The Pipeline of Entrepreneurs and Enterprises

Newly Published!

Gregg Lichtenstein & Thomas S. Lyons (2012): Lessons from the field: mapping Saskatchewan's Pipeline of Entrepreneurs and Enterprises in order to build a provincial operating system for entrepreneurship, Community Development, DOI:10.1080/15575330.2011.645044

This article describes the initial stages of a long-term change project, to implement a province-wide entrepreneurial development system in Saskatchewan, Canada. The project used a highly participative planning process to engage 300 stakeholders in a new method to meaningfully segment the marketplace of entrepreneurs and enterprises in a community or region. This process, referred to as the Pipeline of Entrepreneurs and Enterprises, guides economic development investments and moves them from a piece-meal approach of addressing entrepreneurial needs to one that is more systemic.

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Our approach to enterprise development is described in a number of publications:

The Entrepreneurial Development System: Transforming Business Talent and Community Economies, by Lichtenstein, G.A. and Lyons, T.S. Economic Development Quarterly, Volume, 15, Issue No. 1, pages: 3-20. 2001.

This article offers an alternative to the current paradigm for developing enterprises. We propose implementing a new approach, called the Entrepreneurial Development System (the generic name for the proprietary system we call the Entrepreneurial League System®), for transforming community economies. We lay out the specifications for the new paradigm, drawing distinctions between current practice and our proposal. The article then describes the major components of our proposed enterprise development system; details its benefits to entrepreneurs, service providers, and the community; and discusses challenges to its full-scale implementation.

This article was the inspiration for the 2005 W.K. Kellogg Foundation $12 million request for proposal that resulted in the funding of six rural Entrepreneurial Development Systems in the U.S. (at $2mm each) out of 183 proposals submitted.

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Managing the Community’s Pipeline of Entrepreneurs and Enterprises: A New Way of Thinking about Business Assets
, by Lichtenstein and Lyons, Economic Development Quarterly, Nov. 2006.

This article was expanded to book length in Investing in Entrepreneurs. For more information click here.

The paper offers a methodical approach to deciding when, where and how to invest in entrepreneurship as a cross cutting economic development strategy. To accomplish this, we present and operationalize the concept of a pipeline of entrepreneurs and enterprises in order to effectively segment the marketplace of businesses and differentiate among potential economic development clients within the community. We then describe three options for managing and intervening in a community’s pipeline of entrepreneurs and enterprises – performance-enhancement strategies, incubation strategies and selective attraction strategies – and discuss how the pipeline can help policymakers and practitioners make informed decisions about where to invest (in what segment) and which strategies to use.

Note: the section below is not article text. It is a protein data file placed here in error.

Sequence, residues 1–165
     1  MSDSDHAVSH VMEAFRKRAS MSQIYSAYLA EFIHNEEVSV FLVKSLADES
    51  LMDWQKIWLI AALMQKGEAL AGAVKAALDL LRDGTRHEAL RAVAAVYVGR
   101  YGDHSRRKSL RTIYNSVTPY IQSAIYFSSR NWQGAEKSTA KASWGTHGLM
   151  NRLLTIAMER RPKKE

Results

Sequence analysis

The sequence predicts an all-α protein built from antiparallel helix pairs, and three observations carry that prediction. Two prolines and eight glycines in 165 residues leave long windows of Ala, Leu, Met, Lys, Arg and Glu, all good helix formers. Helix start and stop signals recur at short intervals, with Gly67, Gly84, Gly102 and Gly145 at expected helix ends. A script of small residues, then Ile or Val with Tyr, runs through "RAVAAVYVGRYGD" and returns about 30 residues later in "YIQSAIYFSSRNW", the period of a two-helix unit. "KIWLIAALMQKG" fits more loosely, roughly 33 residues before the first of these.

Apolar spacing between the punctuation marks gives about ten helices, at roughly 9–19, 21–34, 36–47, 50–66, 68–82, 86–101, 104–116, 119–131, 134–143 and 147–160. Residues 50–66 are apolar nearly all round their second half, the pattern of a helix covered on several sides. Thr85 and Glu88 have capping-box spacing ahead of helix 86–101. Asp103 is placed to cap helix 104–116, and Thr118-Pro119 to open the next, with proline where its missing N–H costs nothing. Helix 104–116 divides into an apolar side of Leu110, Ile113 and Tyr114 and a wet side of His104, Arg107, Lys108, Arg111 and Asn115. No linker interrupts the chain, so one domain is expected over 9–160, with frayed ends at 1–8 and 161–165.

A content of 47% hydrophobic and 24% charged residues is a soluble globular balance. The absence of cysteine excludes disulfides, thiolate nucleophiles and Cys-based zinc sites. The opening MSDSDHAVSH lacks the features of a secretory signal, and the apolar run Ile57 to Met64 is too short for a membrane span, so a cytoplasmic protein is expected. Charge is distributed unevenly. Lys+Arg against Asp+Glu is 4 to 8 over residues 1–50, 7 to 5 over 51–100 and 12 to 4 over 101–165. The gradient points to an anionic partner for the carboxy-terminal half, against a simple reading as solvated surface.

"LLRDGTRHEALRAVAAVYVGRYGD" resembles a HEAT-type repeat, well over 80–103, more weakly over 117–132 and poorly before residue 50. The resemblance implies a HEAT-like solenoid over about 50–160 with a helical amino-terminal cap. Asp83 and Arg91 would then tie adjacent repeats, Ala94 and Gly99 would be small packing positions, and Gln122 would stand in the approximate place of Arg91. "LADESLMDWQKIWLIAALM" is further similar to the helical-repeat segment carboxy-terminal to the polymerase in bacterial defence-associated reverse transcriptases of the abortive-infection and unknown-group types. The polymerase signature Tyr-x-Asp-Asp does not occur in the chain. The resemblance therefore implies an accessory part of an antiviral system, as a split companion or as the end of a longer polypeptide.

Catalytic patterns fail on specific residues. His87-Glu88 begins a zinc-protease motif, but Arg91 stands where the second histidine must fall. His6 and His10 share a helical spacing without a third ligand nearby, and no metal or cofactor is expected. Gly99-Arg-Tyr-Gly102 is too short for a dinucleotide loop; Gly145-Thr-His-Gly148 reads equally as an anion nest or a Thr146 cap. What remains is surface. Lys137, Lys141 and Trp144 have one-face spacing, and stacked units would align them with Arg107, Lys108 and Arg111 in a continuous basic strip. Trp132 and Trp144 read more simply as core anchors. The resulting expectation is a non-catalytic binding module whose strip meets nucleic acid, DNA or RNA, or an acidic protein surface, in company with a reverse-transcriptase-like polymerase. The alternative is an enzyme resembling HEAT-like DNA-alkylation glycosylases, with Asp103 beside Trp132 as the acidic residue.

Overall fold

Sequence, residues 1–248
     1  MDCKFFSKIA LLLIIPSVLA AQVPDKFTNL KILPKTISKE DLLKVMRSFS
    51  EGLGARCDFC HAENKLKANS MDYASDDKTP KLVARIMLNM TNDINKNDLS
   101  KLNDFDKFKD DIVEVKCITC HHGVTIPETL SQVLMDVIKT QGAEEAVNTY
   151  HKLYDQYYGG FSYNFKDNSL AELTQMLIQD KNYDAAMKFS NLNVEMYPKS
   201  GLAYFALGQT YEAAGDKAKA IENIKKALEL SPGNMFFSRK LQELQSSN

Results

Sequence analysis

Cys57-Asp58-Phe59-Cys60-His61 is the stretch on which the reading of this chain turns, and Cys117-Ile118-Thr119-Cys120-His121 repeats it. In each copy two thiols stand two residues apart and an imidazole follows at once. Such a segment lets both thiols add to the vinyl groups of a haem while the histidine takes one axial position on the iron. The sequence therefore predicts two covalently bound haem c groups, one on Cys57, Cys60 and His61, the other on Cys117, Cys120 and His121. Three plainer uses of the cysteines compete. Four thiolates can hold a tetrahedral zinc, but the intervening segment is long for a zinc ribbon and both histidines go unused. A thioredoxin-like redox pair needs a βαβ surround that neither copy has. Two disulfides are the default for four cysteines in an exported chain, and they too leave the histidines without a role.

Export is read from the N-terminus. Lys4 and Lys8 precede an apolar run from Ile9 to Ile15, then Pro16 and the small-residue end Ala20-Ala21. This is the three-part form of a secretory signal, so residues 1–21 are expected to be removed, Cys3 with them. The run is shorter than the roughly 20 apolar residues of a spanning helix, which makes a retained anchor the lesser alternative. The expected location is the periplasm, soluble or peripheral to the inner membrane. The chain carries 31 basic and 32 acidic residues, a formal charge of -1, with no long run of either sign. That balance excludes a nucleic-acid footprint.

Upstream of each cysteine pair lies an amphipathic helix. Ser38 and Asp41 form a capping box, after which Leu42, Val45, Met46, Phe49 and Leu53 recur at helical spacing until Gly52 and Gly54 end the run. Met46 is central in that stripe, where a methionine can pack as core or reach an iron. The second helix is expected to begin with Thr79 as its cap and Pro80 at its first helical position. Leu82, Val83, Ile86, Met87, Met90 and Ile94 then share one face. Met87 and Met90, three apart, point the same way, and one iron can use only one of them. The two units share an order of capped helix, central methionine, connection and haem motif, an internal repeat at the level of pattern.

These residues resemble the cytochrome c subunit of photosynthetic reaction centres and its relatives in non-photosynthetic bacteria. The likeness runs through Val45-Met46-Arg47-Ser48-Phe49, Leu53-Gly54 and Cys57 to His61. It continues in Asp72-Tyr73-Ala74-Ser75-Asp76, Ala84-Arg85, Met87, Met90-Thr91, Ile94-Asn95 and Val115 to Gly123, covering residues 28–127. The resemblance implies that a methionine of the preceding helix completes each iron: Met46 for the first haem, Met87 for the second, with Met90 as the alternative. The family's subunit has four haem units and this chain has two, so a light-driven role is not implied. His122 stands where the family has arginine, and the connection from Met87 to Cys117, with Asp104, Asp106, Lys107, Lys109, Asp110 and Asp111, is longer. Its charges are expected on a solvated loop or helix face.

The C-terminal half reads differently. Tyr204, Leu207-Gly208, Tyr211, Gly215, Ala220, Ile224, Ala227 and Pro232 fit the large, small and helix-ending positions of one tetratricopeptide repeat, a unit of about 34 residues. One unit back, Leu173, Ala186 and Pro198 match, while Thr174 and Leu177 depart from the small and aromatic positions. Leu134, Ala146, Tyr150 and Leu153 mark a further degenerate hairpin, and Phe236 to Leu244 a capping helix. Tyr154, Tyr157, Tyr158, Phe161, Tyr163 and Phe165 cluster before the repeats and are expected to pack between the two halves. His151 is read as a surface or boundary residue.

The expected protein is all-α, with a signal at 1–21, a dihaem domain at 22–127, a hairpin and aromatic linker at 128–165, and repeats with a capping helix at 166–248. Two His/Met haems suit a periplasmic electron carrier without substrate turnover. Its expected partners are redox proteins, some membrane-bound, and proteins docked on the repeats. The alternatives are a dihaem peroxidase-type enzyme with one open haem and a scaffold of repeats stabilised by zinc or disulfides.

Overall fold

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Building Entrepreneurial Communities: the Appropriate Role of Enterprise Development Activities
, by Lichtenstein, G., Lyons, T.S., and Kutzhanova, N. appearing in the Journal of the Community Development Society, Vol. 35, No. 1, 2004, 5-24.

This article examines how building entrepreneurial communities can be used as a strategy for community economic development. We first define the term “entrepreneurial community” and clarify how economic developers go about trying to create such places by helping entrepreneurs grow new business. The article then critiques the current approach to enterprise development and explains why it is incapable of producing entrepreneurial communities. We then make a case for change.

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Building Social Capital: A New Strategy for Retaining and Revitalizing Inner-City Manufacturers
, by Gregg Lichtenstein, Economic Development Commentary, 23 (3), 31-38, Fall, 1999.

A case study of an early prototype of the Entrepreneurial League System®, launched in urban Philadelphia in a territory of 330 manufacturers. This initiative achieved a 50% market penetration rate within three years, without the benefit of any pre-existing relationships. More than 160 firms were actively involved in a series of major improvement projects including new product development, industrial marketing, marketing internship, the creation of the first industrial district in the state (leading to the retention of over 350 jobs), training programs and human resource initiatives.

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The Entrepreneurial League System®: Transforming your Community’s Economy Through Enterprise Development,, by Thomas S Lyons, Published by the Appalachian Regional Commission, March 2002. A short piece that describes the system.